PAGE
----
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Religious Tolerance logo

Same-sex marriage (SSM) & domestic partnerships in California

If Prop 8 is accepted by the
courts, what will be its effect?

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How would the constitutional amendment affect existing same-sex marriages?

About 36,000 gays, lesbians and bisexuals were married prior to the vote on Prop 8.

There are conflicting beliefs about the fate of their marriages:

  • Don't know: Lawrence C. Levine, a professor at the University of the Pacific McGeorge School of Law in Sacramento, CA was asked what would be the outcome if the Constitutional amendment passes. He said: "Anyone who tells you what will happen doesn't know what they are talking about." 2
  • Forcible divorce: Mathew D. Staver, Founder of Liberty Counsel and Dean of Liberty University School of Law, was involved in every stage of the lawsuit that ended up at the Supreme Court. He said: "The people will decide in November. If any same-sex 'marriage' licenses are issued before November, the passage of the constitutional amendment will make them invalid and invisible." 3 [Enclosing the word marriage in quotes is common among social and religious conservatives as an indication of their denigration of same-sex marriage.]
  • Marriages continue: Joan Hollinger, professor at the University of California, Berkeley, Boalt Hall School of Law says that if the amendment passes, there will be no more [new] same-sex marriages in the state as of 2008-NOV-05. However, she says that: "Constitutional scholars agree that the amendment cannot be effective retroactively, so anyone married before November [-04] would be protected." 2

Jennifer Rothman of Loyola commented that Prop. 8 is allowed to take force, it would create a "bizarre world" in California with some gay couples married and others deprived of the future right to tie the knot under Proposition 8. 4

One day after the amendment passed, gay-positive legal groups had filed three lawsuits attempting to overturn or stay application of Prop 8.

While the request for a stay was being considered by the court, same-sex couples would not be permitted to marry and have their marriages registered. However, if the stay is granted, marriages could resume while the matter was fought through the court system. The case might return to a trial court and could eventually land up in the California Supreme Court or even to the U.S. Supreme Court. That could take years.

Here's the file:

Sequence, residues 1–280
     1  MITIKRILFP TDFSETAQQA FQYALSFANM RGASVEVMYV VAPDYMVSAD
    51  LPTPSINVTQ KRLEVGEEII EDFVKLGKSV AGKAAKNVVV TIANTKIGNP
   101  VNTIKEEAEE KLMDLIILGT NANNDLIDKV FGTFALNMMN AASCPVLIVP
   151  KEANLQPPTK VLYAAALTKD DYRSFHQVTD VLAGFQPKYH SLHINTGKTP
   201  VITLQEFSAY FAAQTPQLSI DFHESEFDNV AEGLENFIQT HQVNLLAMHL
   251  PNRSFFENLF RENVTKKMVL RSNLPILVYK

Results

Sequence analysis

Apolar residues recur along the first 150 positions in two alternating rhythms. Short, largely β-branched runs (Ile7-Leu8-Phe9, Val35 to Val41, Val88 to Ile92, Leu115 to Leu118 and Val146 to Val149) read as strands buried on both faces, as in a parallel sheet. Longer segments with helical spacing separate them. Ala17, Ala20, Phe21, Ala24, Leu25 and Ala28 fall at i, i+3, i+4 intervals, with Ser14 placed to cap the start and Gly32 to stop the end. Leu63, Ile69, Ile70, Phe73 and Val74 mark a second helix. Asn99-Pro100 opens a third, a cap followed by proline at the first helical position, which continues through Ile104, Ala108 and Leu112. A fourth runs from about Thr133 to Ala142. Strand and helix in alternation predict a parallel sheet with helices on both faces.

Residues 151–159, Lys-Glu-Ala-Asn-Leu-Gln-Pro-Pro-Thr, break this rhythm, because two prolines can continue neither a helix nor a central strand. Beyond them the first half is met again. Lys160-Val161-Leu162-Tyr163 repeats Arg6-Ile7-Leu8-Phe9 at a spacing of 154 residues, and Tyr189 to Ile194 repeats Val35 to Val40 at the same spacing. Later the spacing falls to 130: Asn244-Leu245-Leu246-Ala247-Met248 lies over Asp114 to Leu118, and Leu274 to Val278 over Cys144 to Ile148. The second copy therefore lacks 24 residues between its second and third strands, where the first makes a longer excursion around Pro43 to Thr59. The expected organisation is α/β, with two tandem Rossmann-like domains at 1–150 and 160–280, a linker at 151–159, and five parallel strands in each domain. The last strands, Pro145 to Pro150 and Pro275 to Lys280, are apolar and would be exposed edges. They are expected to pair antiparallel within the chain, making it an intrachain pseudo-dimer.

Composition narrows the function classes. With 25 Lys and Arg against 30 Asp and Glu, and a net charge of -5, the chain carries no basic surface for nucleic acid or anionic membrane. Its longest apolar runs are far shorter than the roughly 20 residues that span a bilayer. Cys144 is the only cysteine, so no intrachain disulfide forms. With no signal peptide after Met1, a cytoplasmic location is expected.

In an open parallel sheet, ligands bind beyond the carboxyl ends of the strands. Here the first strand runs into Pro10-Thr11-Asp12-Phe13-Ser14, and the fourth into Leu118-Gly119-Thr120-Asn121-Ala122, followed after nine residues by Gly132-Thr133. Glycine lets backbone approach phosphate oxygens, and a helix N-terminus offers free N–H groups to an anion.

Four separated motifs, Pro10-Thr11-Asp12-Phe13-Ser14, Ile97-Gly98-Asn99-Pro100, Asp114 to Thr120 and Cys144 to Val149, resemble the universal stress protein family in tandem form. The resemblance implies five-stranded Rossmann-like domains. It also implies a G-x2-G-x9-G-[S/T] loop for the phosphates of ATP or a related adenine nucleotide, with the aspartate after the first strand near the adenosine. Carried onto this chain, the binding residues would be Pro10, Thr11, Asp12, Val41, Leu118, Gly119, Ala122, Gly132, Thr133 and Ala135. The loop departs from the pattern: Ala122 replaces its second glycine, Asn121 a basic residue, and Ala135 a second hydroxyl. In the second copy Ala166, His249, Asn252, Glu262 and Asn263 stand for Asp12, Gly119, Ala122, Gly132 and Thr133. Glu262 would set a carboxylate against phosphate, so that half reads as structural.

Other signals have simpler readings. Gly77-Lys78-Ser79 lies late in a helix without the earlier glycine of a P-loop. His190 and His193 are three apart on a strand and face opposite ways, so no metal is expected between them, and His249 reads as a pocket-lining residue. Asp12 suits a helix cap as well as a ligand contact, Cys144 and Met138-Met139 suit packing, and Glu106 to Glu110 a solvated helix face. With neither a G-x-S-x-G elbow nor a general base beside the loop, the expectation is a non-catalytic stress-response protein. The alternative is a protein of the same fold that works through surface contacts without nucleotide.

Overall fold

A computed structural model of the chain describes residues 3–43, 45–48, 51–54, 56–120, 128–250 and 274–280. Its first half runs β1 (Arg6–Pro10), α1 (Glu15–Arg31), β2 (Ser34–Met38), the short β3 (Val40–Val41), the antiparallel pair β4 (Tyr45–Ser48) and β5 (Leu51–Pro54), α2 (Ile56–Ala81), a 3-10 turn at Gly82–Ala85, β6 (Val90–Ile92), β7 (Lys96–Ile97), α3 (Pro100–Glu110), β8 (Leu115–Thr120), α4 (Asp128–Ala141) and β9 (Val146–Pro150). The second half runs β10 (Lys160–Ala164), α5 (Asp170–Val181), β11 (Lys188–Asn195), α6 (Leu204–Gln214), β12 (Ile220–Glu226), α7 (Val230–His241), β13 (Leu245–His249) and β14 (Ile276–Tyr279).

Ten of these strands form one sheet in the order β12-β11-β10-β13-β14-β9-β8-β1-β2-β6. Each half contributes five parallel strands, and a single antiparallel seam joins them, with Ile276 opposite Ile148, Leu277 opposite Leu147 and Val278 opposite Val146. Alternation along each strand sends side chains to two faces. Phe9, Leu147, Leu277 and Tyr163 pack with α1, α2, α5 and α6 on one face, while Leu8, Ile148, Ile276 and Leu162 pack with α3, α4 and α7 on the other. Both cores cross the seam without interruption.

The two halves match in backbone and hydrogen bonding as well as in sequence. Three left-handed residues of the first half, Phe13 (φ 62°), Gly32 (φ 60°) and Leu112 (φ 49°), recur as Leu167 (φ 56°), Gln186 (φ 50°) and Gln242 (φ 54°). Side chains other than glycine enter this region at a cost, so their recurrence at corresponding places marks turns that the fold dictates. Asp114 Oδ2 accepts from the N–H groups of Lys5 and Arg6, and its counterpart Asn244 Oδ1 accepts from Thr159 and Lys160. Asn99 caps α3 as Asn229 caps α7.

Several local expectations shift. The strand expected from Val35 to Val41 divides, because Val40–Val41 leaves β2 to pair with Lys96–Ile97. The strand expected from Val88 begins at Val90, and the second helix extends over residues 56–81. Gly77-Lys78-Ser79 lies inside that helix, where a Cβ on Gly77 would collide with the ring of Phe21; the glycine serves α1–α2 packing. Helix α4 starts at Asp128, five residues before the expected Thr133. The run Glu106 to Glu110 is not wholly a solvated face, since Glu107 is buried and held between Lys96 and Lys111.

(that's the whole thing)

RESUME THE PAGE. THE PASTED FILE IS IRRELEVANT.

Our opinion on the effect of Prop 8 on existing SSMs:

Nobody at this website has any academic background in constitutional law. But ignorance never slowed us down in the past when it comes to expressing our opinions. Since the three experts cited above completely disagree, we may even be right!

We have a hunch that existing SSMs will be allowed to continue in name if Prop 8 passes. That is same-sex couples  who were married before the date of the vote [2008-NOV-04] would have their marriages still registered with the state. However, new SSMs would be prohibited, unless the pro-marriage equality folks obtain a stay.

That said, we have reservations about the enforceability of rights within existing SSMs. If, for example, one spouse experienced a medical emergency, her/his spouse's access to them in hospital might be refused. A married spouse normally is guaranteed the right to visit their spouse, but the hospital might conceivably quote the revised constitution and deny that the marriage actually exists. In the same way, hundreds of rights guaranteed by the state could conceivably be denied these married couples.

References used:

 The following information sources were used to prepare and update the above essay. The hyperlinks are not necessarily still active today.

  1. Peter DelVecchio, "Analysis: Marriage might survive ban's passage," The Advocate, 2008-JUL-19, at: http://www.gay.com/
  2. Sue Rochman, "Summer of love, winter of struggle," The Advocate, 2008-JUL-01, Page 36.
  3. Mat Staver, "Staver cites California Supreme Court's 'Political Agenda' in rejecting stay," Americans for Truth about Homosexuality, 2008-JUN-05, at: http://americansfortruth.com/
  4. Justin McLachlan, "First prop. 9 lawsuit filed," 2008-NOV-05, at: http://justinmclachlan.com/

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Copyright © 2008 by Ontario Consultants on Religious Tolerance
Latest update and review: 2008-NOV-06
Author: B.A. Robinson

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